Humans Are Not Like Slowly Boiling Frogs … We Are Like Slowly Boiling Brainless Frogs

Posted on  

"Humans Are Not Like Slowly Boiling Frogs … We Are Like Slowly Boiling Brainless Frogs"

Even though people keep using the famous simile — “the fatally slow human response to climate change makes us like a slowly boiling frog” — it is not quite right.

As Wikipedia puts it, German physiologist Friedrich Goltz “demonstrated that a frog that has had its brain removed will remain in slowly heated water, but his intact frogs attempted to escape the water.” Other 19th Century studies appeared to have different results, but modern experiments (!) show that frogs with brains are in fact smart enough to leap out of water as it is heated up.

James Fallows of The Atlantic, who I am quite certain holds the world record for boiling frog posts, has one from Michael Jones who cites “Sensation in the Spinal Cord” from Nature, Dec. 4, 1873:

“Goltz observed that a frog, when placed in water the temperature of which is slowly raised towards boiling, manifests uneasiness as soon as the temperature reaches 25° C., and becomes more and more agitated as the heat increases, vainly struggling to get out, and finally at 42° C., dies in a state of rigid tetanus. The evidence of feeling being thus manifested when the frog has its brain, what is the case with a brainless frog? It is absolutely the reverse. Quietly the animal sits through all successions of temperature, never once manifesting uneasiness or pain, never once attempting to escape the impending death.”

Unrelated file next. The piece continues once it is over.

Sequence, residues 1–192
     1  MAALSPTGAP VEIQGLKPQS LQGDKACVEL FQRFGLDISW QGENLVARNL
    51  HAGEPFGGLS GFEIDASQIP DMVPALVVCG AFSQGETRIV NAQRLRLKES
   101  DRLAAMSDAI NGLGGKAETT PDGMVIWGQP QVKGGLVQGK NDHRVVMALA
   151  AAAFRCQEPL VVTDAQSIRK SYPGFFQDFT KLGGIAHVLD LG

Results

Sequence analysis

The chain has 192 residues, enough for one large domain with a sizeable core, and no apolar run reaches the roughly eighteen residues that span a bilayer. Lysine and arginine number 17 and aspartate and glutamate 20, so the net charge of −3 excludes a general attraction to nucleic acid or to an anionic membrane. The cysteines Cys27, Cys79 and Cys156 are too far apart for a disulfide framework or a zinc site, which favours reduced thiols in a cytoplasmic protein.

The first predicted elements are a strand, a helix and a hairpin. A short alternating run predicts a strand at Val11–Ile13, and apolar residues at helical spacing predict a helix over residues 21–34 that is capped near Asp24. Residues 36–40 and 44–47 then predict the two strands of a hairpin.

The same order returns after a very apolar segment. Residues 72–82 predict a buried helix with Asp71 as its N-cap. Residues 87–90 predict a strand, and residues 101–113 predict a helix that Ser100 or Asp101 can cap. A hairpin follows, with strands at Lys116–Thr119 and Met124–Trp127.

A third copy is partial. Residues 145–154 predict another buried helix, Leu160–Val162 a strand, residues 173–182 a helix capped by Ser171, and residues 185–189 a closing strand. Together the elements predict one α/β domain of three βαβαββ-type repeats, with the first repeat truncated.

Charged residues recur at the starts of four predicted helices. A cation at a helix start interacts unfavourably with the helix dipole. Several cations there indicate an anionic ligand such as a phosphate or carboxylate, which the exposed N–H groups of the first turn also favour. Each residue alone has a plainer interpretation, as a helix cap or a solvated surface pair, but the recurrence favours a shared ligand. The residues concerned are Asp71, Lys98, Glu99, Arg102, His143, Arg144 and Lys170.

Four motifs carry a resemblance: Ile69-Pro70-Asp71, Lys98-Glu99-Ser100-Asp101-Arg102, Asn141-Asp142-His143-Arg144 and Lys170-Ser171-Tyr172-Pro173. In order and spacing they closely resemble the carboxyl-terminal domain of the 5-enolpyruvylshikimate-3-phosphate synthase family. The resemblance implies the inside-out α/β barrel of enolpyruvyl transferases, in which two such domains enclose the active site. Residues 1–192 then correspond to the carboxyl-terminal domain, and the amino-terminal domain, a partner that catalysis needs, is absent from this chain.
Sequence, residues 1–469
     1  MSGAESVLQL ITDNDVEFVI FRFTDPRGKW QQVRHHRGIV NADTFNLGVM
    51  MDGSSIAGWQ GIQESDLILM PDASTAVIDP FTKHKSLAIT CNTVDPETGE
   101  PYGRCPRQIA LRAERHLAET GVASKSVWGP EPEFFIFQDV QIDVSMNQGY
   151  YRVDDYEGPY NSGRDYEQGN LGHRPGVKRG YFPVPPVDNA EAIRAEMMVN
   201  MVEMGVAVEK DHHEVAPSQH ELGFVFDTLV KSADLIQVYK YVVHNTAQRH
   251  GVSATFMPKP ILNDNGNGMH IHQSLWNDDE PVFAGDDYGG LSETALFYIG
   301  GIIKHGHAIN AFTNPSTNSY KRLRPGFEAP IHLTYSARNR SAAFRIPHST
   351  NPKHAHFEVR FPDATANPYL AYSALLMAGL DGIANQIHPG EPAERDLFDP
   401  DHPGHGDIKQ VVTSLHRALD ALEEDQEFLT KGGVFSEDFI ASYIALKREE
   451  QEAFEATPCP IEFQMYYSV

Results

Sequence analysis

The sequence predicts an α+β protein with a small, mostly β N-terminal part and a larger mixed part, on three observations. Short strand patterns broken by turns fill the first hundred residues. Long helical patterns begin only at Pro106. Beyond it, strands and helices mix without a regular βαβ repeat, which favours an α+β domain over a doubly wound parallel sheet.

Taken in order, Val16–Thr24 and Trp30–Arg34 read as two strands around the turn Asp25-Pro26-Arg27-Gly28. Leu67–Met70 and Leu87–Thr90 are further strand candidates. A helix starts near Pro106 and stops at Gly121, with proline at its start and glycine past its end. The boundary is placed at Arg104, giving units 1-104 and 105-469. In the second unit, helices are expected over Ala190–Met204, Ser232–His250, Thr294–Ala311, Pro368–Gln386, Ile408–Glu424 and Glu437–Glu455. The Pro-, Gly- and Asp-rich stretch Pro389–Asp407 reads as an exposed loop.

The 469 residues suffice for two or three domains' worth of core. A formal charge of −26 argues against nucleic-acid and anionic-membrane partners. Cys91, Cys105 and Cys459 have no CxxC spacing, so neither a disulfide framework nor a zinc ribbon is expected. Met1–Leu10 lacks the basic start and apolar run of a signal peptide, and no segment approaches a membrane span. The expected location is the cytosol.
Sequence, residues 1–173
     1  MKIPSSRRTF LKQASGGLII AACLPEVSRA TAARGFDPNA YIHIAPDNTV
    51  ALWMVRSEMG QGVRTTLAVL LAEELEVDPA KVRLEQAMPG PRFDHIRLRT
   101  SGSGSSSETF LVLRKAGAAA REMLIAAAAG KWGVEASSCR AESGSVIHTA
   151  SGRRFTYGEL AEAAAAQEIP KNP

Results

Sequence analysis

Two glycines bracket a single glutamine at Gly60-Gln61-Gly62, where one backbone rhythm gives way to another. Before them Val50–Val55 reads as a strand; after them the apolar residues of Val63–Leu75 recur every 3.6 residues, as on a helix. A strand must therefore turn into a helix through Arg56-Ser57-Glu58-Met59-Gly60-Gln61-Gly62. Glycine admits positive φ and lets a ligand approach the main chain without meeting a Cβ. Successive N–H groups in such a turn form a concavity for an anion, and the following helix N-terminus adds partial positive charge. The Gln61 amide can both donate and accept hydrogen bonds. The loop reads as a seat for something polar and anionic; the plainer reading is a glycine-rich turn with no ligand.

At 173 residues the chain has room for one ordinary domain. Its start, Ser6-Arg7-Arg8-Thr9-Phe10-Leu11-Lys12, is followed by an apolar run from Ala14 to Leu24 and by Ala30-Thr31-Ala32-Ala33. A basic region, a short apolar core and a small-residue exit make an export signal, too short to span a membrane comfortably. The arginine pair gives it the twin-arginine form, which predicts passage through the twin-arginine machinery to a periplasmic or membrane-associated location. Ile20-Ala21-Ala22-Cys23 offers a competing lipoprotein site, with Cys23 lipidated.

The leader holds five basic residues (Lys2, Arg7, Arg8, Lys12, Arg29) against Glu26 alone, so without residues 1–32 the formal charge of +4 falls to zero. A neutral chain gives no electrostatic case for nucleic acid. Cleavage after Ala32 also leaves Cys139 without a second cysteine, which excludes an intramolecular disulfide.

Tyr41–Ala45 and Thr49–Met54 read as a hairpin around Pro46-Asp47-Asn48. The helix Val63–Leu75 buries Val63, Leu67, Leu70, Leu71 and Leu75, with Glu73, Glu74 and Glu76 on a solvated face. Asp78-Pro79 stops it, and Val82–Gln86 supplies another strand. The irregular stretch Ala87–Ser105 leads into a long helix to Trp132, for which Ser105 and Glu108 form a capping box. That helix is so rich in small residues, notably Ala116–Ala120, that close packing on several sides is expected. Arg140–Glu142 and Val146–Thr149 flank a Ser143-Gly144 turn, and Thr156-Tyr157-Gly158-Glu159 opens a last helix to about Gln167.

Even so, I am inclined to agree with Jones that this should not be fatal to the metaphor.  It just needs to be tweaked.

Technically, we are the subspecies Homo sapiens sapiens, as I’ve said before (see “Is the global economy a Ponzi scheme?“).  Such are the privileges of being the only species that gets to name all the species, so we can call ourselves “wise” twice! But given how we have been destroying the planet’s livability, I think at the very least we should drop one of the “sapiens.” And, perhaps provisionally, we should put the other one in quotes, so we are Homo “sapiens” sapiens at least until we see whether we are smart enough to save ourselves from ourselves.

If we destroy a livable climate, which means “billions of people will be condemned to poverty and much of civilisation will collapse” and are renamed just plain Homo, then in fact we will  have demonstrated we are dumber than frogs (who were, after all, doing just fine until we came along).